A Glossary of Fasteners to Ease your DIY Projects

Do you face a lot of confusion while selecting the right type of nuts and bolts during your DIY projects? Do you often find yourself in a fix while explaining your required nut and bolt type to a nut and bolt supplier? Do you have no idea about nuts and bolts and want to take up a DIY project and have no clue about the names of the special nut or bolt type? Or a nut is missing from your furniture and you want to replace it but have no clue which one to buy. Do such situations arise often in your lives?
Nut and Bolt
Nut and Bolt
Well, these situations can be really puzzling. You can always go to a nut and bolt supplier store and explain your requirements and trust their experience to figure out the type of nut and bolt you need. But even then, you can never be sure. Nut and bolt suppliers are no doubt experienced in and have an in-depth knowledge of what they sell but nobody has a better idea of your project other than you. So instead of relying on the judgement of a nut and bolt supplier, it is better to find out the name and type of the nut-bolt pair yourself. Select the proper required nut and the nut and bolt supplier can help you pair up the proper nut or vice versa.

Below is a glossary which can help you know nuts and bolts well enough to differentiate one from the other and that will definitely make your life simpler:

There Are 22 Fastener Categories:

1. Wood screws (WS): These screws have a tapered end which is suitable for any wooden material.
2. Machine Screws (MS): As the name goes, these are the screws which are mainly used in machines. They are used with a nut or a tapped hole.
3. Thread Cutting Machine Screws: These have almost similar applications as machine screws. But they have a slightly tapered end for self-tapping cutting edge. 
4. Sheet Metal Screws (SMS):  These are fully threaded and fully tapered with a pointed end, ideal for metal sheets.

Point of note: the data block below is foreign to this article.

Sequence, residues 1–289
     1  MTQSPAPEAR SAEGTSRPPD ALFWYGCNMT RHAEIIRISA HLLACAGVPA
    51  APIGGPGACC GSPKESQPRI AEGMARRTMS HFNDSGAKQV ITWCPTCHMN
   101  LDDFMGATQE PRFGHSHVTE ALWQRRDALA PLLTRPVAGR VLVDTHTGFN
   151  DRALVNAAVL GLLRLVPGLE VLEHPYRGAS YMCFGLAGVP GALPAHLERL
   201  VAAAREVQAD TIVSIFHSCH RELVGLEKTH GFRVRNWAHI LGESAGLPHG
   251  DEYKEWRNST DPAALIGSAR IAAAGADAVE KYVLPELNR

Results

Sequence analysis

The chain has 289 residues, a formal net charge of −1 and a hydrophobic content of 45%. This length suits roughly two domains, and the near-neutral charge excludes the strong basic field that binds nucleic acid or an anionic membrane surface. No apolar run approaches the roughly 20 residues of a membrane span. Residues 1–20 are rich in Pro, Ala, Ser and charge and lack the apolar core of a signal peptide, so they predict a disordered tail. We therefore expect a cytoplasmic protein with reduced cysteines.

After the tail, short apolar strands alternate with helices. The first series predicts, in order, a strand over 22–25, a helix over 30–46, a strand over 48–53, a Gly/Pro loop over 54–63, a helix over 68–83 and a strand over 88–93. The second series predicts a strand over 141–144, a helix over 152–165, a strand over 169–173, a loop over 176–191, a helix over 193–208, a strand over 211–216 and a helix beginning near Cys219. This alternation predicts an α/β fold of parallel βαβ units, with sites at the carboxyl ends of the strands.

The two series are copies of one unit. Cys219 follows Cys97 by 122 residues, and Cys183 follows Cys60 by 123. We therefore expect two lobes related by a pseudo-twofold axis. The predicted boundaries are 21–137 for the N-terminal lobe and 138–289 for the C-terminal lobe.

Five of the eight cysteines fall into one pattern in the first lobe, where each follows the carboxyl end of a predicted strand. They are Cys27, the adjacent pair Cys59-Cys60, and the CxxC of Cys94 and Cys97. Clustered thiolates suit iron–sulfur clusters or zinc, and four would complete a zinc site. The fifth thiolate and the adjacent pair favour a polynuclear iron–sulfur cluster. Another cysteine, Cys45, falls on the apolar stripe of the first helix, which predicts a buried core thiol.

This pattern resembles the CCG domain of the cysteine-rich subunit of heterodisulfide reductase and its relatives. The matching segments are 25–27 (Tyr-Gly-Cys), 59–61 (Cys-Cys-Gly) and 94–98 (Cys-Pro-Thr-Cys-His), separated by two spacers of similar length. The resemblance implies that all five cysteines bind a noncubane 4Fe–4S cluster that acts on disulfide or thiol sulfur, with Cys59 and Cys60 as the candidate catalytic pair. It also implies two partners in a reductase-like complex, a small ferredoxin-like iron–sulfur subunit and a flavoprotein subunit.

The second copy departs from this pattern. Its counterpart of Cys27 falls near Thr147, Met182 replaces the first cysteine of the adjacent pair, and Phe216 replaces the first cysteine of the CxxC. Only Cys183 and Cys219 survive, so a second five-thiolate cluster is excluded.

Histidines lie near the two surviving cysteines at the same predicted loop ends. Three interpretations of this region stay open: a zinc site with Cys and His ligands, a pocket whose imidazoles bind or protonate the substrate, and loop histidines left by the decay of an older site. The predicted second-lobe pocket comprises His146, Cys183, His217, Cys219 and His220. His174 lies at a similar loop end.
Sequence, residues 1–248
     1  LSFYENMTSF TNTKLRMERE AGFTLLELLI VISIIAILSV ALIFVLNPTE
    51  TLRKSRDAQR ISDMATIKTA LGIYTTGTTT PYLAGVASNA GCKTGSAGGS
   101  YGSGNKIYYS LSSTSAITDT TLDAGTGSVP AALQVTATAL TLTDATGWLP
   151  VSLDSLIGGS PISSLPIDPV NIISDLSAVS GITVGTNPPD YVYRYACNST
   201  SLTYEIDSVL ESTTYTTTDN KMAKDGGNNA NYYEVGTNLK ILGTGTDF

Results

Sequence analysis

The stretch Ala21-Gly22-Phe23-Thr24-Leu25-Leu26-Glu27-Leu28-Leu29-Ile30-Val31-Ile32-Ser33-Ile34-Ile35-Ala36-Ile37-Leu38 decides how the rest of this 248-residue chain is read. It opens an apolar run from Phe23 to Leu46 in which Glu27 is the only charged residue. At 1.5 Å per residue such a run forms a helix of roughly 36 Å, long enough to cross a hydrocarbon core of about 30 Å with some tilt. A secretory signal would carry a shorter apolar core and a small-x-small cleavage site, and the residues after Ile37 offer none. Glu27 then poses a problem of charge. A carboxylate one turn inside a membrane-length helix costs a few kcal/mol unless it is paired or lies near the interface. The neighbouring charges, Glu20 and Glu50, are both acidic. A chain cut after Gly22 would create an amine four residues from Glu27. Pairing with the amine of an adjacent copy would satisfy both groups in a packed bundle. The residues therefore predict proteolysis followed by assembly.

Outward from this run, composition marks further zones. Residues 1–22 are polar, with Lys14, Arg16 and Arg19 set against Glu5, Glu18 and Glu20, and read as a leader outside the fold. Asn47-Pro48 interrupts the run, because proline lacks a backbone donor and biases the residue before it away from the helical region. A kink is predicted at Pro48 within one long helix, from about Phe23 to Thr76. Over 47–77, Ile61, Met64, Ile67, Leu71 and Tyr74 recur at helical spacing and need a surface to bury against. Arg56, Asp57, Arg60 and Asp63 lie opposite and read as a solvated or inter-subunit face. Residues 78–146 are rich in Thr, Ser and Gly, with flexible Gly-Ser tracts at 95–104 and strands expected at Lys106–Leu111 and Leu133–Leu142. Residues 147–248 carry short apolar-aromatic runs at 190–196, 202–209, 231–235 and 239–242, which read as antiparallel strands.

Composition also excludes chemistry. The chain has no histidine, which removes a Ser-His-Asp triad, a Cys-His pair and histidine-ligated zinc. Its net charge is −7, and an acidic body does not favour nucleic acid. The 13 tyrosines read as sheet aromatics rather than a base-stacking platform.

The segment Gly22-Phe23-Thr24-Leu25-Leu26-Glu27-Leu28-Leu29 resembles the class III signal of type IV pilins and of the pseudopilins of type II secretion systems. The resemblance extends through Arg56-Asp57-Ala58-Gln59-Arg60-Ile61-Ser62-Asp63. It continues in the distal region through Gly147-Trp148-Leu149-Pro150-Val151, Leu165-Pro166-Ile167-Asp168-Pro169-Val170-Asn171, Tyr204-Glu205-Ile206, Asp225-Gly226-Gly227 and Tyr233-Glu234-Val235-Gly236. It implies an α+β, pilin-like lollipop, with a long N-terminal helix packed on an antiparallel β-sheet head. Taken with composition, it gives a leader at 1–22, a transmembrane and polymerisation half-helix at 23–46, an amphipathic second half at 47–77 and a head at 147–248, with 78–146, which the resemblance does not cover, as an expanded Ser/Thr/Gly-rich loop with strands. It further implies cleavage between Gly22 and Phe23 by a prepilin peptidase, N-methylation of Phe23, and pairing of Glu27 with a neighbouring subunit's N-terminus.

5. Self-Drilling SMS: It is a sheet metal screw with a self-drilling point which makes it easier to drill holes
6. Hex Bolts: These are bolts with hexagonal heads and are threaded. They are used for tapped holes or with nuts.
7. Carriage Bolts: Similar to hex bolts but have a smooth rounded head instead of hexagonal and has a small square section underneath.
8. Plow Bolts: They are similar to carriage bolts but have a different application. They are used for attaching the cutting edge of a plow to the plow blade.
9. Socket Screws: These are also known as Allen head. They are mainly used to be fastened with a hex Allen wrench.
10. Lag Bolts: These are the bolts with a wood thread and a pointed tip.
11. Eye Bolts: These are bolts with a circular ring on the top. Mainly used for attaching a rope or a chain.
12. Eye Lags: Similar to eye bolts but these have one wood treads instead of machine threads.
13. J-Bolts: These are used mainly for tie downs. They are shaped like the English alphabet J and so the name. Sometimes, they are also used as open eye bolts.
14. U-Bolts: These are shaped like the English alphabet U and used mainly to keep in place or attach a pipe or any other circular surfaced object. You can also find this in a square bend shape.
Nut and Bolt Supplier
Nut and Bolt Supplier
15. Shoulder Bolts: These are also known as stripper bolts and are used to form pivot points.
16. Elevator Bolts: These have a large flat head and are threaded at the bottom. They are used in conveyor systems.
17. Chicago Bolts and Mating Screws: Also, known as barrel nuts, are always used in a pair. These are used for bolting applications where a head is desired on both the sides of the joint.
18. Hanger Bolts: These are used for a joint between wood and metal. It has wood thread on one side and a machine thread on the other end.
19. Set Screws: These are screws with a machine thread and no head. These can be screwed all the way into threaded holes. 
20. Timber Bolts: These have machine threads and is used on wood as it has a wide domed head with fins underneath to hold it from spinning while its installation.
21. Cotter Pins: These are just like hair pins and are used to hold two pieces in place. 
22. Rivets: Used to join sheets of metal. During installation the rivet, body is deformed permanently. Instead, blind rivets can be installed without access to the back side of the material.

With information about all the types of fasteners, you can now choose the type suiting your job and then choose the nuts accordingly. All you have to do is ask the nut and bolt supplier to give you appropriate nuts along with the fasteners and you are all set to start your project.
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